Pick up a gallon of milk or a carton of eggs and it will probably have a "sell-by" or "best-by" label. But what does that date actually mean? It's unclear! The date can signify different things in different states. And many items stay fresh long after the expiration date passes.
In fact, the whole labeling system is a total mess, argues a new report (pdf) from the Harvard Food Law and Policy Clinic. Date labels are often so inscrutable and differ so widely from state to state that they're essentially worthless as information. (The U.S. Department of Agriculture has a whole page straining to make sense of the whole muddle and does a good job explaining how long various foods will last.)
And, the report argues, those labels may be leading Americans to throw out tons of perfectly good food each year — one reason why the United States rubbishes about 40 percent of the food it produces, or $165 billion in wasted food each year.
Why food labels are so confusing
So how did we reach this point? The report (pdf), written by Emily Broad Leib and others with support from the Natural Resources Defense Council, traces the history of food labeling. Back in the 1970s, urban shoppers, understandably, wanted to know whether their food was fresh. So, in response, dozens state governments began passing a patchwork of different labeling laws.
At this point, Leib writes, Congress could have stepped in to pass a uniform national standard. But that never happened — and hasn't to this day. The result was the "uneven and piecemeal creation of an American date labeling regime" that now looks like this:
Those dates on grocery packaging can mean wildly different things in different states. Some producers include a "sell by" date that's largely meant for use by retailers. Other packages show a "best if used by" date targeted at the consumer. But there are also "freeze by" or "best if enjoyed by" labels that mean something entirely different again.
That's all led to plenty of confusion. As Leib writes, these dates often don't tell us much about the safety of food. They indicate vague things about freshness and quality. Eggs can typically last 3 to 5 weeks after purchase if refrigerated. Chicken can last a couple of days. Processed hot dogs can last two weeks after the "sell-by" date passes. Canned foods can last 1 to 5 years if stored properly.
Yet surveys have found that most consumers can't really say what the labels mean: In a 2007 study, 25 percent of respondents thought you were supposed to throw away food once it reaches the "sell-by" date — and that's not even the intent of the label.
(On the flip side, food that hasn't reached its sell-by date isn't necessarily safe either. The temperature at which food is stored is far more important to food safety than the date, but surveys have found that consumers tend to pay most attention to the date labeling.)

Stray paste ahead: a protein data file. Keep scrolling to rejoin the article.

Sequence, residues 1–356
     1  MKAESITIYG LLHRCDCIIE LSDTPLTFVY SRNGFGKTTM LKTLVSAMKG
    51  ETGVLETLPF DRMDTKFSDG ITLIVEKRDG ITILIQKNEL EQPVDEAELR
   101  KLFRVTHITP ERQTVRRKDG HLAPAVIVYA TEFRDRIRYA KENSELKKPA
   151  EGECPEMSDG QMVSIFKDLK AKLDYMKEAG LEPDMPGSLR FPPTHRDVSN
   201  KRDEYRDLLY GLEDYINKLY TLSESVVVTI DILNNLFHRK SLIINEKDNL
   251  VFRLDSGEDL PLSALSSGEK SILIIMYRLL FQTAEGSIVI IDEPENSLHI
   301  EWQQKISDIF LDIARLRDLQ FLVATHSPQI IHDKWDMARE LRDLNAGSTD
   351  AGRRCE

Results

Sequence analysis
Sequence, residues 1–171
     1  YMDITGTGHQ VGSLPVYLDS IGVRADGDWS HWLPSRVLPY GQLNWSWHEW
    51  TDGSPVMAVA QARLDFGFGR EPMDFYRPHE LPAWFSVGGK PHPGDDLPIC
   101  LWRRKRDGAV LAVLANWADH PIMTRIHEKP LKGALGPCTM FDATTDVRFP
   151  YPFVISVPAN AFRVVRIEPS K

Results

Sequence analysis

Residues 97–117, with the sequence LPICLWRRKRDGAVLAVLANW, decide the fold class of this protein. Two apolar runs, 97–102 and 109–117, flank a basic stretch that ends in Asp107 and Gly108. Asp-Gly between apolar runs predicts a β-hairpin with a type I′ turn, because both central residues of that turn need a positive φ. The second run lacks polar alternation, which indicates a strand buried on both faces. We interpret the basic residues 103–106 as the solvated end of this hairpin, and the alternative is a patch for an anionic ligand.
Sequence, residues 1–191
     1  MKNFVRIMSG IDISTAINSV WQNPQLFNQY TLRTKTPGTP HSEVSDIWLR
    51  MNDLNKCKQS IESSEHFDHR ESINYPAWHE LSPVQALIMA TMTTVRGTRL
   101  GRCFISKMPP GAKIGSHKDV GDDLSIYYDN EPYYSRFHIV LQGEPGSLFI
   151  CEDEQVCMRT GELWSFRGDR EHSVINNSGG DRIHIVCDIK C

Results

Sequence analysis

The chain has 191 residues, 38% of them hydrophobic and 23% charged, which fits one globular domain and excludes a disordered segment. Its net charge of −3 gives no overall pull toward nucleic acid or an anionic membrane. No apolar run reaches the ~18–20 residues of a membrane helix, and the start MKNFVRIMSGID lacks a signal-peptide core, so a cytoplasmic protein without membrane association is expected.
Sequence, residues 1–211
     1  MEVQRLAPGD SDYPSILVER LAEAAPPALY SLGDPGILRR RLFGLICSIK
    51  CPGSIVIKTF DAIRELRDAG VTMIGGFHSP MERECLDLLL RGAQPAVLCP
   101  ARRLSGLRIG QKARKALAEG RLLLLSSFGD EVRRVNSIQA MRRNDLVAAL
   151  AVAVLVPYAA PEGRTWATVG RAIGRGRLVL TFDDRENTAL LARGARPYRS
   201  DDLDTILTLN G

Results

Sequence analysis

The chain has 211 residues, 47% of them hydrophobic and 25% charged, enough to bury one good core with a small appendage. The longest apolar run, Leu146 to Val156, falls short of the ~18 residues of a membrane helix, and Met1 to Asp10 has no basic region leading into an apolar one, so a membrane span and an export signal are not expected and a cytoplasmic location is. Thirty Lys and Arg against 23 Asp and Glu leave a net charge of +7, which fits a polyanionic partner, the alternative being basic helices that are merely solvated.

It's possible that perplexing date labels are one reason why Americans throw out so much perfectly good food. Although this hasn't been measured directly, studies in Europe and Britain suggest that befuddlement over date labeling accounts for 20 percent of avoidable food waste. Seeing as how the United States wastes some $165 billion worth of food each year — to say nothing of the water and energy used to grow it — that's significant.
Can the labeling system be fixed?
The report ends with a chapter on recommendations to tidy up the labeling mess. Leib argues that "sell-by" dates — which are mainly intended for use by manufacturers and retailers — should be invisible to the consumer. And, the report notes, it ought to be replaced with a simpler standard to communicate quality and safety more clearly.
Leib has a few suggestions along these lines, although they're hardly definitive. Perhaps something like “Peak quality (or freshness) guaranteed before [Date]” might be clearer. There's also some evidence that relying on "freeze by" dates for certain foods could lead to less waste. But, Leib says, it's worth trying to figure out what the most effective system actually is here.
-- Here's how the world manages to waste half the food it produces. Note that confusing date-labeling systems are only one small factor here.
-- Andrew Breiner of Climate Progress, who wrote about the labeling study first, also notes a recent U.N. report finding that we emit about 3.3 billion metric tons of greenhouse gases each year in the course of producing wasted food. That's about twice the annual emissions of India. So there's a climate-change angle here, too.